Doctors says new law banning gender-affirming care for minors is about politics, not health

ATLANTA — A ban on gender-affirming care for minors is now officially law.

The law banning doctors from treating children with hormone therapy or gender-affirming surgery is set to go into effect in July.

On Friday, the ACLU promised to sue to overturn the law.

Now, one local doctor told Channel 2′s Richard Elliot that she expects to see the suicide rate among transgender teens to skyrocket.

Transgender Health Specialist Dr. Izzy Lowell said this law will actually hurt children.

The American Medical Association asked the national governor’s association not to support these kinds of bills.

Republicans herein Georgia say they passed the law to protect children from irreversible medical procedures. Lowell said that’s not entirely true.

Elliot spoke with Lowell via Zoom on Friday. It’s the same way she sees many of her transgender patients -- via telemedicine.


Lowell guesses she has some 500 transgender teen patients in Georgia, and she said the new law banning certain medical procedures for them is less about medicine and more about politics.

“This is a really long process. It’s not like people walk into the office and walk out with a prescription for hormone replacement therapy. It takes years,” Lowell said.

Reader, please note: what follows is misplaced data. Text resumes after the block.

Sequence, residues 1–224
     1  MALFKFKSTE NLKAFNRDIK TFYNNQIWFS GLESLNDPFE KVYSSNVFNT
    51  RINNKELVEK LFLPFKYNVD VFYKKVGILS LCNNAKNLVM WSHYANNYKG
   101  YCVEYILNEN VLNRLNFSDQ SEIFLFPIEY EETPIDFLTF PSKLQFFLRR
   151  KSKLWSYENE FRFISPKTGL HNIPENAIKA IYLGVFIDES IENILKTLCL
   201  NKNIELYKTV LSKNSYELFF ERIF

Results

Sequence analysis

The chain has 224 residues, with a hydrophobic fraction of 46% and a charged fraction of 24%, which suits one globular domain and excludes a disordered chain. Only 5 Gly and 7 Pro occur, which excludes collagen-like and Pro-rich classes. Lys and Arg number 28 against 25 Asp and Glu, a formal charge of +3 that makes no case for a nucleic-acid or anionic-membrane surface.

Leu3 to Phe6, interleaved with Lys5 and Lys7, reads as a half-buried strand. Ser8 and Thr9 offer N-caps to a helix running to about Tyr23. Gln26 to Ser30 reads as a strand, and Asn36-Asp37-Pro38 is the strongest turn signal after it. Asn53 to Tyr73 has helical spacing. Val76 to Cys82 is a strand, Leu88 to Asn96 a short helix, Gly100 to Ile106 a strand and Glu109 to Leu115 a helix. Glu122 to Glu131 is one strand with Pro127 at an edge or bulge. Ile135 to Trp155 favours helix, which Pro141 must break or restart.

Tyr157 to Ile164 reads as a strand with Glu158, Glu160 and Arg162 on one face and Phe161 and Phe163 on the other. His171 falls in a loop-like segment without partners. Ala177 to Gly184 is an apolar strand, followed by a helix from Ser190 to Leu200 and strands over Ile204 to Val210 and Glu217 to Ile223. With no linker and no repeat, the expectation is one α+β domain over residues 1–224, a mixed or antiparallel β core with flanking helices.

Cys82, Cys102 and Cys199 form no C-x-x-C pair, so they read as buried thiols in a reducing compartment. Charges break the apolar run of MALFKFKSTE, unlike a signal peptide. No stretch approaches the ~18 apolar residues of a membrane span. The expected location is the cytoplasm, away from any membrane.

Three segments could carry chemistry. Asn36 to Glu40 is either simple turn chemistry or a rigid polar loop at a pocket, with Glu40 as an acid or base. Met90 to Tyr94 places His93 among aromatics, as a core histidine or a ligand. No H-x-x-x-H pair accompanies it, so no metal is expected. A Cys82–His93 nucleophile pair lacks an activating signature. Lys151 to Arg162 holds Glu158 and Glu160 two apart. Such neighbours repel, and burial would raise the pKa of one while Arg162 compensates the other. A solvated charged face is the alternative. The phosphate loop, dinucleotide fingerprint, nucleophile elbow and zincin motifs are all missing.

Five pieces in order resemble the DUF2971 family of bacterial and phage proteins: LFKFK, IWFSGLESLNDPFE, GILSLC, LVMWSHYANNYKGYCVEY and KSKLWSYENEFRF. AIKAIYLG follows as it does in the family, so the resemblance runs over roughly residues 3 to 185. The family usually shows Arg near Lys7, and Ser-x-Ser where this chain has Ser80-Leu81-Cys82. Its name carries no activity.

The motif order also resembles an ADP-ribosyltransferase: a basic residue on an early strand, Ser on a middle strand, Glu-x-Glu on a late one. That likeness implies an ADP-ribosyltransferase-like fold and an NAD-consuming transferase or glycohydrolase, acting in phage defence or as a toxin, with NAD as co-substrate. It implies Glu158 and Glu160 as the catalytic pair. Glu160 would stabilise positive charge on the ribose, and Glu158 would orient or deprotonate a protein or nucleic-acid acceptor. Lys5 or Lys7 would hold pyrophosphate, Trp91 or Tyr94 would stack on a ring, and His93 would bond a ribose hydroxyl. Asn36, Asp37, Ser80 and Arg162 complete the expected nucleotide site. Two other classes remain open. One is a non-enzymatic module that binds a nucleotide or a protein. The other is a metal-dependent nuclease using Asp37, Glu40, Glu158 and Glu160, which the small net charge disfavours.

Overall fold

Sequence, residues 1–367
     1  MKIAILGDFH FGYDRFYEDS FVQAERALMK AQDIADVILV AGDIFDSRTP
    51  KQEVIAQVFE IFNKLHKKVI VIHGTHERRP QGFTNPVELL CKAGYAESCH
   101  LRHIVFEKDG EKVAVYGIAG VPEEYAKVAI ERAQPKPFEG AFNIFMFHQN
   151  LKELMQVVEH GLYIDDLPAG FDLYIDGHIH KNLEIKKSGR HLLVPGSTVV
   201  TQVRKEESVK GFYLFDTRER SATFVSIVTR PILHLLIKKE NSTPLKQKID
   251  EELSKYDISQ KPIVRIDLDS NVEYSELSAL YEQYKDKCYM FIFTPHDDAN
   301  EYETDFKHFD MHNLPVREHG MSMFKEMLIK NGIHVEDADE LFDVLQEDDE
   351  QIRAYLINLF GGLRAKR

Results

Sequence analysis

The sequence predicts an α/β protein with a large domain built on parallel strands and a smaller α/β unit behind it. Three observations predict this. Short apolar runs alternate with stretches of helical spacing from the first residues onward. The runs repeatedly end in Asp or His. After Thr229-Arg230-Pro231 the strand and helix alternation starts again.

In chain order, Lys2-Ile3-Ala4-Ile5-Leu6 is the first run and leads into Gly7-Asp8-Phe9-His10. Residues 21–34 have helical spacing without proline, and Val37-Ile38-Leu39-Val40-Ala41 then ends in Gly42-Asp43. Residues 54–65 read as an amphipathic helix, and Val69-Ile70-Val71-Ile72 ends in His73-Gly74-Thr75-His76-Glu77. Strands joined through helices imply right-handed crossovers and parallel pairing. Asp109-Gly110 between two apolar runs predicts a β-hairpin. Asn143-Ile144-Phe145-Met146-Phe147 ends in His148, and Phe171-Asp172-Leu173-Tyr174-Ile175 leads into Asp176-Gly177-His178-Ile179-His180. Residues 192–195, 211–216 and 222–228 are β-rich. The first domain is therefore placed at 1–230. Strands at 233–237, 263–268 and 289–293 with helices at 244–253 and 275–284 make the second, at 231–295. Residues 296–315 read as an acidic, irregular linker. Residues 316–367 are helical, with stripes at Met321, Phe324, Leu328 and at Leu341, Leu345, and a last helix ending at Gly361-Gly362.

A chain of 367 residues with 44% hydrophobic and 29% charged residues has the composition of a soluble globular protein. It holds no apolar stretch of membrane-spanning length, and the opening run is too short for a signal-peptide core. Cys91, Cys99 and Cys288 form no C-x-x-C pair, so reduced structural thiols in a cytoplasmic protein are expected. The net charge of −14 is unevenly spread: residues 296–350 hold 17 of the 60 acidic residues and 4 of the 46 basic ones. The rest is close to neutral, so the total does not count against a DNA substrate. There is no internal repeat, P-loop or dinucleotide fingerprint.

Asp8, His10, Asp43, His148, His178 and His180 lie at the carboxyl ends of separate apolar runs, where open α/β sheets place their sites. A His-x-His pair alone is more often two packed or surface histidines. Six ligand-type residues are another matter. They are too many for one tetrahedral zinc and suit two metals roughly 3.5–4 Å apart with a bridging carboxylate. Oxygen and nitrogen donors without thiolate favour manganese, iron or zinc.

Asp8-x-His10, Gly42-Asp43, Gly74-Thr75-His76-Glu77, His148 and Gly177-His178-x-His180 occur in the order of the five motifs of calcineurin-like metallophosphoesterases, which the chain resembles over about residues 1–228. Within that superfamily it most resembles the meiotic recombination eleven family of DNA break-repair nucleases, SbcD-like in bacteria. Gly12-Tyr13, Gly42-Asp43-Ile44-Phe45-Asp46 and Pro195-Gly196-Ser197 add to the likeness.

Lowell said it takes support from family, legal guardians, and mental health professionals before the procedures happen.

Republican lawmaker Mark Newton is also a doctor in Augusta. He supported the law because he fears teenagers’ brains aren’t developed enough and they might make irreversible medical decisions they could later regret.

“We ask doctors not to do that on children. Let the child grow up enough to make their own informed decision as an adult and not have other adults making this decision for them,” Newton said.

While Lowell agrees teens’ brains haven’t yet fully developed, she insists gender is not a decision for many of these children -- it’s who they are.

“You’ve always known your gender. You can think back to when you were a child growing up. That’s something you just know. It’s not a decision. It’s not something that a teen wakes up one day and says no actually, I think I’m a boy instead of a girl. It’s something they have known for their life,” Lowell said.

The new law goes into effect on July 1.

Anyone undergoing those medical procedures will be grandfathered in, so Lowell said her clinic will be open until midnight on June 30 to take in patients.